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What is an SSL Cipher?

By Troy Holmes
Updated May 16, 2024
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Most computers today have access to the Internet. Secure Socket Layer (SSL) is a cryptographic security measure that protects sensitive data on the Internet. A SSL cipher is an encryption algorithm that creates a special certificate, which is used as a key between two computers on the Internet. This certificate creates a secret encrypted connection between the two networked computers, which blocks unwanted snooping of shared data.

Secure socket layer was originally developed by Netscape™ as a secure protocol for e-commerce activities on the Internet. The SSL is not visible to most Internet users but occurs when logging into a website with a hypertext transfer protocol secure (HTTPS) address. Some web browsers alert the user when she is entering a secure website. This message is an indication of SSL ciphering in action.

Data encryption is the process of converting plain-text data into secret ciphered codes. Once the data is encrypted, it is impossible to understand because it is a scrambled representation of the original text. The SSL cipher is a cryptographic function that uses encryption keys to create a ciphered message. The encryption keys vary in sizes and complexity. Larger bit keys offer a greater level of security.

There are multiple forms of SSL cipher algorithms available. These can support either the data encryption standard (DES) or the advanced data encryption standard (AES). The standards of AES are considered more difficult to decipher because they use larger encryption keys.

Data cryptography standards are managed by the United States Federal government through the National Institute of Technology Standards (NIST). This is the agency that manages and publishes the standards used by encryption algorithms. Currently, AES is considered the gold standard for data encryption because it supports a 256-bit encryption key.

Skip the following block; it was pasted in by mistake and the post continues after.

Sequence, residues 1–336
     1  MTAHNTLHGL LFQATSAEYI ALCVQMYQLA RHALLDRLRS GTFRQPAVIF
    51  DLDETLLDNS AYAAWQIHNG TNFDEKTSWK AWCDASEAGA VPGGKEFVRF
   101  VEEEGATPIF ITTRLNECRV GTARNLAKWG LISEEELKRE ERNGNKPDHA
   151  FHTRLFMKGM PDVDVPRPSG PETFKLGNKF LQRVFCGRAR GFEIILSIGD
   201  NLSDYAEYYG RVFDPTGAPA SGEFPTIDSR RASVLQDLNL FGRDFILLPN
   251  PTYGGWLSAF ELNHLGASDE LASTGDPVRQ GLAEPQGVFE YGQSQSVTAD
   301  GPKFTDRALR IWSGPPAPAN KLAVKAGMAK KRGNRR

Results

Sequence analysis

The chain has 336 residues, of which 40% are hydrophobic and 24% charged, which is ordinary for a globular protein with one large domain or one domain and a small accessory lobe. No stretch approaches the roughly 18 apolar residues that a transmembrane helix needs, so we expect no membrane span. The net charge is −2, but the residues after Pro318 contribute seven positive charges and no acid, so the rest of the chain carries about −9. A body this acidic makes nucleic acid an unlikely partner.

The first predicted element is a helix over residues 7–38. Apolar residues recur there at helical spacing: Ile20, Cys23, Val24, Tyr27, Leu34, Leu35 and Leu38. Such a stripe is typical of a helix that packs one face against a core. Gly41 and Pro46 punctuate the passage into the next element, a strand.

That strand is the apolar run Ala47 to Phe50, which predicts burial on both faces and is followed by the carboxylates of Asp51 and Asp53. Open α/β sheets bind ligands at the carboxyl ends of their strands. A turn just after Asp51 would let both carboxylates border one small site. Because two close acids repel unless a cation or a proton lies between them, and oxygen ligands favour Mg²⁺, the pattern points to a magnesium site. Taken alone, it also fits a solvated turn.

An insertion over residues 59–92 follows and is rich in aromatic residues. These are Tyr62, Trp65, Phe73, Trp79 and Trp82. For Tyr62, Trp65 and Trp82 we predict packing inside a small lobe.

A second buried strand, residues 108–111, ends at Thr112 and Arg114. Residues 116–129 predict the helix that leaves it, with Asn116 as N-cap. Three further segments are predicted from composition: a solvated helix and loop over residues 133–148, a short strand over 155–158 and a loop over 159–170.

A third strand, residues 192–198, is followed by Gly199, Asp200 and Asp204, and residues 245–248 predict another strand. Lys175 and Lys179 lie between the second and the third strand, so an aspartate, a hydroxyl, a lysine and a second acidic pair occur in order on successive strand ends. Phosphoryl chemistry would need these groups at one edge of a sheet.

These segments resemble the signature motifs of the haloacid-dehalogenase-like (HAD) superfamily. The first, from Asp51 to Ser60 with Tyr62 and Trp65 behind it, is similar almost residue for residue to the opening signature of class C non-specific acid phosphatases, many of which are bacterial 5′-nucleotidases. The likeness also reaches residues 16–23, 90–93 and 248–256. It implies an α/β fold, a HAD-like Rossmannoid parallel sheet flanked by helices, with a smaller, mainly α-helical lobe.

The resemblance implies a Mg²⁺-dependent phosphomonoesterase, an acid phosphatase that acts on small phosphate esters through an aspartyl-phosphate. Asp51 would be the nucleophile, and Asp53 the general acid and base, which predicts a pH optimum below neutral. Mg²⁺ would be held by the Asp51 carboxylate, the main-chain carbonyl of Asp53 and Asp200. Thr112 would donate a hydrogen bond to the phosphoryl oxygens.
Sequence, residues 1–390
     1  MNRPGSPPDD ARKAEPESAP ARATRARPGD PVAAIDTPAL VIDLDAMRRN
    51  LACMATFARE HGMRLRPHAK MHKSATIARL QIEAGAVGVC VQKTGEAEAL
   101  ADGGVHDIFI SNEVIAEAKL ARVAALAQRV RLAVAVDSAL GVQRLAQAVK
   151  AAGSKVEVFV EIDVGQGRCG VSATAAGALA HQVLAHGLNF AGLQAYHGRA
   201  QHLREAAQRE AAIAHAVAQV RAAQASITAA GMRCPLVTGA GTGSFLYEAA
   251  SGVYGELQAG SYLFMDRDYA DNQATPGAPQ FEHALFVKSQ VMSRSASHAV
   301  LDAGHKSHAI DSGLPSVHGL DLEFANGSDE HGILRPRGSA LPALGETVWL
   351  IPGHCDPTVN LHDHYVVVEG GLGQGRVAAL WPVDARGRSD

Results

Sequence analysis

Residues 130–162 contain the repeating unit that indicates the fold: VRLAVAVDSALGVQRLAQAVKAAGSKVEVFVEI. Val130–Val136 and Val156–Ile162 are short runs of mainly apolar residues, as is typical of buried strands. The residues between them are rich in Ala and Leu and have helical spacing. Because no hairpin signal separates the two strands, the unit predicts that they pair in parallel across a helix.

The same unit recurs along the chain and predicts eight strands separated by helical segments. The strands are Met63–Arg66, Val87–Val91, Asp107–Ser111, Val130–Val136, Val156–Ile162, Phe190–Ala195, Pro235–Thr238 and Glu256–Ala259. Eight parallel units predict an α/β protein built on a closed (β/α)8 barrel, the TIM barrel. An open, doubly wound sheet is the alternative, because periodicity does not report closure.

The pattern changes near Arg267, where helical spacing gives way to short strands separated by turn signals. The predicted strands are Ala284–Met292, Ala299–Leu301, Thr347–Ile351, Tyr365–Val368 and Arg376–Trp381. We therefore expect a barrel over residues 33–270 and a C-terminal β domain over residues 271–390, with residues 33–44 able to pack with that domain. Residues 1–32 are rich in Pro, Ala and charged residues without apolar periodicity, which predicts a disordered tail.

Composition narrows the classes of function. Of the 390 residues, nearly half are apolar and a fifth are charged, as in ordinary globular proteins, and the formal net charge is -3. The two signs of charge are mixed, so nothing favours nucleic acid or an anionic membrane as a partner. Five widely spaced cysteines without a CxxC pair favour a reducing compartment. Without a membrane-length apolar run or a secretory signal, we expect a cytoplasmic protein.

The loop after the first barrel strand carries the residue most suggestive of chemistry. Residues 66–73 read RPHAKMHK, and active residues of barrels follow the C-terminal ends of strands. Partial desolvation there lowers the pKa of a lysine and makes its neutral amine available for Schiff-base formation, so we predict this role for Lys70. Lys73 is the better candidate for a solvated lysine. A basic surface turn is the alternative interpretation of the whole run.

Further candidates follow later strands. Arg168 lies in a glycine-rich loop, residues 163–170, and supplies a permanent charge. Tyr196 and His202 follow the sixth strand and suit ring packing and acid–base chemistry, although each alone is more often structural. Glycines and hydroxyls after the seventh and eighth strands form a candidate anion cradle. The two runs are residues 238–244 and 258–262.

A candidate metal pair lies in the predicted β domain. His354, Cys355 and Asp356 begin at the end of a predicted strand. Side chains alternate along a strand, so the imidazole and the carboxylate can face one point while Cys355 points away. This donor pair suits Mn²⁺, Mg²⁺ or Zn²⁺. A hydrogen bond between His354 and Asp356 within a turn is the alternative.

SSL is a unique security protocol because it is based on the transport layer of computers. Typically computers are connected to the Internet through telecommunication devices. With SSL, entire segments of the network telecommunication link are encrypted. This end-to-end encryption process is an encrypted tunnel between two computers. Deciphering the tunnel requires the SSL cipher code and the encryption keys.

The advanced form of SSL cipher is only available on newer versions of operating systems and web browsers. This is because older versions of web browsers were based on the standards of DES and do not support large encryption keys. Windows® 2000 operating systems require service pack two for advanced SSL ciphering.

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Discussion Comments

By MaPa — On Jun 29, 2011

What I find interesting is that even places online that you would not usually think of as a secure site, like Facebook, now have the option to connect through SSL to help keep people from seeing your traffic.

Turns out, it isn't just the data like passwords and card numbers that Internet criminals are looking for. They want to know about people's likes and dislikes, who their friends and relatives are. With that, they can often figure out how to pose as you and get into all kinds of places with your info. Scary stuff.

By Viktor13 — On Jun 28, 2011

@bigjim - I know what you mean. I remember the early days online, it seems like you were reading about a new scam every day. You still hear about them now, but at least there are some good, solid steps you can take to avoid being a victim.

I always joke with my wife, what did we ever do before the Internet? How did anything ever get done? I honestly do not remember. Okay, I actually do remember, but I'm trying to block it out.

By bigjim — On Jun 28, 2011

The SSL protocol was really the beginning of the Internet being really useful for people.

I remember when online stores and things came into being, people were really nervous to enter their information into the computer, often with good reason. But when 128-bit, and then 256-bit SSL encryption came along, it got a lot safer to do your business online.

Now, I do my banking, credit cards, half of my school work, and a bunch of other things on the computer every day, and even on my phone. That wouldn't have been possible even a few years ago, but I'm loving it now.

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